Liked 5 Times in 5 Posts
Originally Posted by gc3 View Post
I'd say as an un-objective observer that these new Treks are closing fast on the Spesh Tarmac/Roubaix level of fugliness...just one person's opinion...
We differ there for sure. To me a standard flat top tube bike looks dated if not a bit fugly. I subscribe to form follows function and I prefer the look of a Roubaix and Domane...I have placed my Roubaix along side with Domane and they are close in shape. The future of bikes is the Roubaix shape, so might as well get used to it unless you want a bike with a lot of drop. Specialized took the Tarmac SL5 which is soon to be released in a slightly more conventional direction, because they could based upon the Tarmac's more conventional head tube height....the SL4 Tarmac winning the best road bike award 3 years in a row. So if you want a pure race bike, then a Tarmac has a more traditional shape.

Compared to Trek, I prefer the Roubaix all said..notably because I hate Trek's high neck seatpost treatment..for all their road bikes. I am ambivalent about the pivot seat post also as my Roubaix has enough rear compliance for me.
Further I don't like a 31mm seat post...no reason for it...if anything would prefer a proliferation of 25.4mm posts that Cannondale is now doing.
So I prefer the design of the Roubaix to the Domane and know some that have switched from the Domane to the Roubaix bike. Two of the fast guys in my club ride Domanes.

As to the disk thing...I won't subscribe if there is a weight difference...and there is. But if I rode in a fair amount of rainy whether which I don't, I prefer a disk bike. I also like a disk bike as a commuter or knock around road bike...just not my fastest group ride bike.

Last edited by Campag4life; 05-03-14 at 06:17 AM.
Campag4life is offline  
Old 05-03-14, 06:14 AM
  #24  
Campag4life
Voice of the Industry
 
Campag4life's Avatar
 
Join Date: May 2007
Posts: 12,572
Mentioned: 18 Post(s)
Tagged: 0 Thread(s)
Quoted: 1187 Post(s)
Likes: 0
Liked 5 Times in 5 Posts
Originally Posted by Dunbar View Post
I own a Roubaix SL4 and have done a 30-40 minute test ride on a Domane 6 series. The rear end compliance on the Domane is much better than the Roubaix even with the Cobble Cobbler seat post installed (I have one on mine). I honestly don't feel much difference in front end stiffness between the two. My suggestion for front end compliance would be to run a 25mm tires at a sensible pressure (I run 80psi @ 165-170lbs.) The Roubaix SL4 feels much stiffer and more responsive hammering hard out of the saddle. The Domane is more muted in comparison but as mentioned it has a much smoother ride over rough pavement. Both great bikes, you just need to decide which characteristics are your priority.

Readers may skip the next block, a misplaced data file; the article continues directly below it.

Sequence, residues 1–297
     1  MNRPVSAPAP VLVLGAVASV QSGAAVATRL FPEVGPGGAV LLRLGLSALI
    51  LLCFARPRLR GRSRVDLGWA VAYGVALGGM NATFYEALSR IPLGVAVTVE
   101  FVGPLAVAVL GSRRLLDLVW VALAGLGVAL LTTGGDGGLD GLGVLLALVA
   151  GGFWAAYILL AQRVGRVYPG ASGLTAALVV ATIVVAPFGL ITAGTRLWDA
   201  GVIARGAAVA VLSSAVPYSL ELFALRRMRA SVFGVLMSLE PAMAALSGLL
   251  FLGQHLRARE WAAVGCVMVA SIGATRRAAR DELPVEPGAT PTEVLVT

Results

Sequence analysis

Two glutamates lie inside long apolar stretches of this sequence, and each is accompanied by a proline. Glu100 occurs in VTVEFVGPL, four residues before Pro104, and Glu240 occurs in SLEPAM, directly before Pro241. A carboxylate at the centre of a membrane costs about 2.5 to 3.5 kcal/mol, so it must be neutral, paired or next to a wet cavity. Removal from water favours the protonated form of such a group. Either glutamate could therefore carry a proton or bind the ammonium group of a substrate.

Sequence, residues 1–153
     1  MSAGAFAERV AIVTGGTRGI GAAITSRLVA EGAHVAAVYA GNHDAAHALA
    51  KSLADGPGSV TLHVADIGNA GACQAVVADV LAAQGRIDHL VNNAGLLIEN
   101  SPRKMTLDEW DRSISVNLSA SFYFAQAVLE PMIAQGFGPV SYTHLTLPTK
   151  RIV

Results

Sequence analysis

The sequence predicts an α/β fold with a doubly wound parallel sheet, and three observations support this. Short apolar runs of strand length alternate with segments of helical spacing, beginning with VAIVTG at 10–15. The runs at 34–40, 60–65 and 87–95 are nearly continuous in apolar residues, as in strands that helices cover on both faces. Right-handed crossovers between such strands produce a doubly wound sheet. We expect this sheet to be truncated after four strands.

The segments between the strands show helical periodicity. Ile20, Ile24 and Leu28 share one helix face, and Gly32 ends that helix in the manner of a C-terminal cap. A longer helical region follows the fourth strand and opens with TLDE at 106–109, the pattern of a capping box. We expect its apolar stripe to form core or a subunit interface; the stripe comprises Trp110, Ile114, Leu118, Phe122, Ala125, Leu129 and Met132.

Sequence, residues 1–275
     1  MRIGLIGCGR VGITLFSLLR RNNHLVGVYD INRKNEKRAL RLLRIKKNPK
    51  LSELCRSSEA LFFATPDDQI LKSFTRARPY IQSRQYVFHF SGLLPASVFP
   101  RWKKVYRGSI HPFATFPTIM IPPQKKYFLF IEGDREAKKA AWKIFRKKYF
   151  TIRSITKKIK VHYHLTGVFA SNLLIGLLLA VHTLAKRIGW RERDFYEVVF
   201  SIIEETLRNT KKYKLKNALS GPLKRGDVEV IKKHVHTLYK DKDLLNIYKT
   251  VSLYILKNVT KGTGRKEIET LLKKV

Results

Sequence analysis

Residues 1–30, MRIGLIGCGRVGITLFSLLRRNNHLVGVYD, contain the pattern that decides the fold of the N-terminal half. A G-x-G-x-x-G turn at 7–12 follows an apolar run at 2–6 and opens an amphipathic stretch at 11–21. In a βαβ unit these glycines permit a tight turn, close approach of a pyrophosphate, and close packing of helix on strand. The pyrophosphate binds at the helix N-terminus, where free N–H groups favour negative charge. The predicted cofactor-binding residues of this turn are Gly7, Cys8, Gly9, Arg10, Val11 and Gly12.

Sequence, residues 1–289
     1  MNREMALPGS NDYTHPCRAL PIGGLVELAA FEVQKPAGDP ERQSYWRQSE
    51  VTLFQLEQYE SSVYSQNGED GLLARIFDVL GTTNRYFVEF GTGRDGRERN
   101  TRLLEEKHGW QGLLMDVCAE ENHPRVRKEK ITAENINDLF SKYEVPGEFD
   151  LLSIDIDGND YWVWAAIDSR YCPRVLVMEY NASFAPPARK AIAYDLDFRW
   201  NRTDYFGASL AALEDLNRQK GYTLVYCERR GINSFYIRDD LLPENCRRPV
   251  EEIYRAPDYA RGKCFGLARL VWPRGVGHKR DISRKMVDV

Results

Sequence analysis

I think that is a fair comparison. I have read your comments before about the Roubaix SL4 having a harsh ride in back which promoted your move to the COBL post to tame it. I will go out on a limb and say that the rear Triangle of the SL4 Roubaix with longer chain and seat stays than the SL4 Tarmac is no stiffer and in fact, likely fractionally more compliant than the Tarmac which is perennially considered a favorite race bike among top amateurs. Specialized took the Roubaix in this direction by intent...to give the Roubaix a more race feel and performance. I personally believe a performance rider will prefer the stiff rear end of a Roubaix to a Domane. I would. I don't like compliant rear triangles personally. I prefer the responsiveness and feedback. Tom Boonen in this year's Roubaix race who lead most of the race with unbelievable effort rode his custom Roubaix SL4 with short head tube without a COBL seatpost. For anybody who watched that race, I am still amazed by the beating of those riders.
Far and away the assault any rider takes on a road bike is the front of the bike through the hands and not in the rear of the bike through the saddle. This is for the simple reason that better riders use the saddle as a perch and not a lazy boy chair. They ride more unweighted with higher leg forces to the pedals.
So that is my opinion. I side with Specialized who took the Roubaix in the direction of the Tarmac albeit with slightly more laid out angles which by design introduces more compliancy.
Campag4life is offline  
Old 05-03-14, 11:50 PM
  #25  
roadandmountain
Banned.
 
Join Date: Mar 2010
Posts: 523
Mentioned: 0 Post(s)
Tagged: 0 Thread(s)
Quoted: 0 Post(s)
Likes: 0
Liked 1 Time in 1 Post
Originally Posted by gc3 View Post
I'd say as an un-objective observer that these new Treks are closing fast on the Spesh Tarmac/Roubaix level of fugliness...just one person's opinion...
I am in complete agreement.

The entire industry is moving towards generic fugliness. Matte black is despicable. Gotta love how it picks up and holds fingerprints like a champ. You can't even touch the bike!

The days of fun bike colors are gone.

Originally Posted by PaulRivers View Post
Reviews I read comparing it to the Roubaix claimed the Domane was more compliant in the back but worse in the front (compared to the Rouabix), suggesting that the Roubaix did a better job of front compliance, suggesting that the Domane could possibly be made more compliant in the front regardless of the iso coupler thingy.
I've read the same. What is spesh doing with the front end that trek isn't?

1. smaller head tube diameter?

2. squishy gel in the fork?

3. bar tape, carbon bars....?

Last edited by roadandmountain; 05-03-14 at 11:54 PM.
roadandmountain is offline  

Thread Tools
Search this Thread

Contact Us - Archive - Advertising - Cookie Policy - Privacy Statement - Terms of Service - Do Not Sell My Personal Information -

Copyright © 2021 MH Sub I, LLC dba Internet Brands. All rights reserved. Use of this site indicates your consent to the Terms of Use.